In the prolonged struggle between science and religion in the West, there has been something of a role reversal. At the start, religious leaders were the ones professing certainty, condemning (often to death) those who questioned the Bible’s story about how the Earth was made and how it fit within the heavenly panoply. Scientists were seekers asking uncomfortable questions. Today, science is often the one promising certainty, with so-called new atheists like Richard Dawkins depicting religious folk as weak and stupid—apparently incapable of accepting what is plain to see. Believers in organized religion, meanwhile, often see themselves as persecuted for failing to toe the line. The side with the upper hand may change, but the battle persists.

Straddling this shifting, contested terrain is the Reverend Pamela Conrad, a geobiologist at NASA who studies what environments can sustain life—while also tending to an Episcopal congregation outside of Baltimore. Conrad, who was ordained in 2017, is part of the scientific team running the Perseverance Rover mission to Mars, where she helps design experiments to understand the Martian environment with an eye to the big questions: Is there life on Mars? Was there ever?

At the moment, she’s working on two projects, or investigations, related to the mission. The first is a suite of instruments that help determine what the weather is like on our neighboring planet to assess how hospitable it might be to organisms. The other uses a special microscope, known as Watson, and a spectrometer to identify and analyze the planet’s organic materials.

In an interview, Conrad described her two occupations as complementary ways to understand the cosmos and our place in it: “The difference between a telescope, or any outward looking thing to understand the environment, and the introspection of looking inside is to say, ‘I am a universe, and also I live within a universe.’”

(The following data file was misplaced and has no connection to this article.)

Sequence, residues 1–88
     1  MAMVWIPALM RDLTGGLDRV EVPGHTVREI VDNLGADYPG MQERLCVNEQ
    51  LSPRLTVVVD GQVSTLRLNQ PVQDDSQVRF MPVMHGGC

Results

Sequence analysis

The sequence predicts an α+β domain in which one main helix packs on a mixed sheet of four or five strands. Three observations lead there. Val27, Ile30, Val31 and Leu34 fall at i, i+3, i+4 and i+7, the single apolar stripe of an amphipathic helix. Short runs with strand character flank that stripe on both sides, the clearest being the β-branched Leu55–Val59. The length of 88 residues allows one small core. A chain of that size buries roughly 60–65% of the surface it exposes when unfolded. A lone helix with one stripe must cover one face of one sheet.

What follows is a condensed and edited transcript of our conversation about her scientific work and her faith, and how each challenges and informs the other.

Noam Cohen: As a scientist you probe the chemistry of life. Is there a mystical or spiritual quality to that?

Pamela Conrad: That is not the quest. What for me is so interesting is that it is all the same stuff. The periodic table of the elements is the periodic table that we see everywhere in the universe, both in astronomy and from samples of the universe that end up on Earth—meteorites. We can count on that. Really, it’s a question of, given that the chemistry is the same and the physical forces may vary, what distinguishes an environment that can support life and one that cannot? But it is not that simple a question, unfortunately, because we have only had one example of life that we know how to recognize, and that is life on this planet. So I’m also asking, would we know it if we saw it?

In both of your fields—science and religion—it seems that most people are looking for answers, not further questions.

Absolutely. And I fully concede that I am a statistical outlier. I go there because I love the questions. We have forgotten that science, although it makes use of empirical data, is really about constructing a model for understanding the data, and even the best scientists sometimes hold a little too tightly to their favorite model. The really great scientists are the ones who say, “What an idiot I was yesterday. Of course that is not it, today it’s this.”

You’ve talked about a research trip to Antarctica that deeply affected you. What happened?